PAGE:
Tuesday, May 18, 2010

Love - "Softly to Me" (1966)

This song starts by moving back and forth between D minor and E minor. This is modal, but shifting back and forth between tonal centers: D dorian and E phrygian. At the end of the second line, though, it goes to D major instead of D minor. The D still feels like a tonal center, but with the next chord - a sort of D7 with an added 9th that's also heard in the intro - we soon find out that it's also modal (mixolydian).

The phrase modulation from D to B major that occurs in the bridge is easy enough, the F# in the melody being a common tone, but the move back from B major to the E minor to D minor progression is handled in a more difficult (and very beautiful) way. This occurs on the last note of the line "It's evident for anyone to see." On the two previous notes, we're on B, a common note between B major and E minor. The melody could have stayed on B on that last note of the line, when the chord changes to E minor, but instead it moves up to C, a non-chord tone.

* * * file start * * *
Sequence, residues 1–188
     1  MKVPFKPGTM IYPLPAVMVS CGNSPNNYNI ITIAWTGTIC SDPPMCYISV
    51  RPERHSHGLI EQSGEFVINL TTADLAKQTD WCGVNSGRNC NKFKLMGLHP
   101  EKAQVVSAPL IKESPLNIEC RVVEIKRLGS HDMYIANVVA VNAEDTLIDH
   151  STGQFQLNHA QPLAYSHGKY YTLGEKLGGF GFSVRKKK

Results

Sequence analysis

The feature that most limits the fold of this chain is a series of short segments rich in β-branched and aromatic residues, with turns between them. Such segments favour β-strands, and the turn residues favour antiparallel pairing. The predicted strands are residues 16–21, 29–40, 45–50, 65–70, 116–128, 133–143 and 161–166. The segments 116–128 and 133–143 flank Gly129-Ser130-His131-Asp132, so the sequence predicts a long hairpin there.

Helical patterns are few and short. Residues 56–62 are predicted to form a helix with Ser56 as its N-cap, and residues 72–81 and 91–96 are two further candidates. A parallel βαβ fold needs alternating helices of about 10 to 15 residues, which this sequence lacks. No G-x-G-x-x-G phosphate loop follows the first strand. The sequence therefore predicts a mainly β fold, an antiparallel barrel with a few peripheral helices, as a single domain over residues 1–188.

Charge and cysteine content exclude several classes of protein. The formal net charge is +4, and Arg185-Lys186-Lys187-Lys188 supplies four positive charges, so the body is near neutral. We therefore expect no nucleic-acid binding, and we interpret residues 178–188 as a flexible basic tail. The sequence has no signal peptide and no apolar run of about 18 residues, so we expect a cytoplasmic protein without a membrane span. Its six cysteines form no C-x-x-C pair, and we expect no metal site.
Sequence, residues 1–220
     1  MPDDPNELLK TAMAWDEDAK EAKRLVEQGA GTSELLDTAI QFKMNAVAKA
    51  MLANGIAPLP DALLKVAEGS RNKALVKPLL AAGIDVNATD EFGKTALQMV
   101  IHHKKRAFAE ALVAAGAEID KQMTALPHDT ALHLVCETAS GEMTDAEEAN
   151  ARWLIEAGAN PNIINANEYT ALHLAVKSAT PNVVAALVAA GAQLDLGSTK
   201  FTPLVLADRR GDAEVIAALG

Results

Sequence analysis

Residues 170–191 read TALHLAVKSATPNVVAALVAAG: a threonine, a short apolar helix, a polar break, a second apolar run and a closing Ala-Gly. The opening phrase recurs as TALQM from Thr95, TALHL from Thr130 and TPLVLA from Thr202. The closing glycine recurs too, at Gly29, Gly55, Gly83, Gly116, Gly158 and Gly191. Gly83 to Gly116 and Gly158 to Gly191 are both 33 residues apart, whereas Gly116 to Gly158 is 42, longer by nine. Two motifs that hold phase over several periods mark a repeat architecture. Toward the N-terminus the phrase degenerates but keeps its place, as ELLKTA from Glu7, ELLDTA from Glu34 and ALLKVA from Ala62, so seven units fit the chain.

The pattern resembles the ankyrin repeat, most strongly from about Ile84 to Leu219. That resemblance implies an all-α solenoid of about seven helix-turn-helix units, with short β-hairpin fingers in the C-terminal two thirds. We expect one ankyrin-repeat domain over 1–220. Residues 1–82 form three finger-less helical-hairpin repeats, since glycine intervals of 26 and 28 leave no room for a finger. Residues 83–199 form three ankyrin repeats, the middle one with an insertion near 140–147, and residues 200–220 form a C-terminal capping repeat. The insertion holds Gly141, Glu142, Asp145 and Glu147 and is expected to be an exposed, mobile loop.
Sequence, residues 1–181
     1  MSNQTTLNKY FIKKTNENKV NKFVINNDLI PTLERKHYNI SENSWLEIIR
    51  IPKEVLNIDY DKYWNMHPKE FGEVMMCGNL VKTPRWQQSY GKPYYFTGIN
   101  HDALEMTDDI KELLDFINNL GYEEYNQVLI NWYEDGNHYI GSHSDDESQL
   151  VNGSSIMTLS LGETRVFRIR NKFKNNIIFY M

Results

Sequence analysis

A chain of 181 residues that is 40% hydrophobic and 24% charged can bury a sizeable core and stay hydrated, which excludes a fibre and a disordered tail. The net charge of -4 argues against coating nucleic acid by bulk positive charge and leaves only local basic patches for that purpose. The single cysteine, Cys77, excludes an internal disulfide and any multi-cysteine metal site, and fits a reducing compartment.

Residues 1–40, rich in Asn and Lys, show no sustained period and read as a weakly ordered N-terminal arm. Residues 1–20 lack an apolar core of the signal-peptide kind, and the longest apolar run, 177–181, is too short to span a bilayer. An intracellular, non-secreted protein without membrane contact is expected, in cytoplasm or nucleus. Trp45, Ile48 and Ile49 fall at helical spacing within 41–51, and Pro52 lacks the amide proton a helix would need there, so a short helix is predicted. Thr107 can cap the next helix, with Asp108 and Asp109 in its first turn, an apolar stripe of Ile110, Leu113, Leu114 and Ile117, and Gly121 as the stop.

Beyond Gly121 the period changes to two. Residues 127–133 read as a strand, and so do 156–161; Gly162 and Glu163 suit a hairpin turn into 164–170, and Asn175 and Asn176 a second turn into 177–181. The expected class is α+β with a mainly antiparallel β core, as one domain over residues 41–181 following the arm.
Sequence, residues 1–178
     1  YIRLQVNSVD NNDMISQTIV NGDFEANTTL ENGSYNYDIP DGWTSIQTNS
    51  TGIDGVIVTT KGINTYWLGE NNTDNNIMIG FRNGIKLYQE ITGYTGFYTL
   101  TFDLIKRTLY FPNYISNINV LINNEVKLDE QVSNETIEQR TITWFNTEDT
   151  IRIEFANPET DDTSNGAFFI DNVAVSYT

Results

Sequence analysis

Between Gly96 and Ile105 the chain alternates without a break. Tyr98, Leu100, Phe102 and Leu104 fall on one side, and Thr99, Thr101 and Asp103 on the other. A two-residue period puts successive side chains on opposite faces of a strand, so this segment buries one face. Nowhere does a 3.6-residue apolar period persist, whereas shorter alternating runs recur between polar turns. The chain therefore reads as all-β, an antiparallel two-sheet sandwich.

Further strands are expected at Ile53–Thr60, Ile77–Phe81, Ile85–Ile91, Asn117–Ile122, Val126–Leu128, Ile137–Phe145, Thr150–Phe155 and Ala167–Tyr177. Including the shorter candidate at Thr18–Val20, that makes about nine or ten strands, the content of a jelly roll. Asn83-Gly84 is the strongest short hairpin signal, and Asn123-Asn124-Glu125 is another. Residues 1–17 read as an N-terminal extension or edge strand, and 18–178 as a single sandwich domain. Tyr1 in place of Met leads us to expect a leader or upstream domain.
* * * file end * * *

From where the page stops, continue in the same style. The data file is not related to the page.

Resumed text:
To resolve the harmony, then, there is this really nice liaison between that last line of the bridge and the first line of the new (abbreviated) verse, "And I suppose they probably already do," where the melody doesn't land until the chord changes once again on the last note.

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